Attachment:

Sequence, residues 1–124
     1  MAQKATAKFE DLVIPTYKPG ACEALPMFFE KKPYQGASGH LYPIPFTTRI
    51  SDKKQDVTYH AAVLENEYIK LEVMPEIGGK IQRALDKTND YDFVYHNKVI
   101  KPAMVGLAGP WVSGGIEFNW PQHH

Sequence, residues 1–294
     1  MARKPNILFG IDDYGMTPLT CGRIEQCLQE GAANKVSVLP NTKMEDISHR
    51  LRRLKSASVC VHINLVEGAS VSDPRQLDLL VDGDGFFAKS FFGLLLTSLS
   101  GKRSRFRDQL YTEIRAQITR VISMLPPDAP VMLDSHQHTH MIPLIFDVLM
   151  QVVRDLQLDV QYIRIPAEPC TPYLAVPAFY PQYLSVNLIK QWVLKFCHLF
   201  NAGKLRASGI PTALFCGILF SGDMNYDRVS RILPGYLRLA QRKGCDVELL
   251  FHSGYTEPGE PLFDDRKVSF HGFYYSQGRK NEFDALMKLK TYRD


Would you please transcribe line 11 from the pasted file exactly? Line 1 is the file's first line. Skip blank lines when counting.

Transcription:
   251  FHSGYTEPGE PLFDDRKVSF HGFYYSQGRK NEFDALMKLK TYRD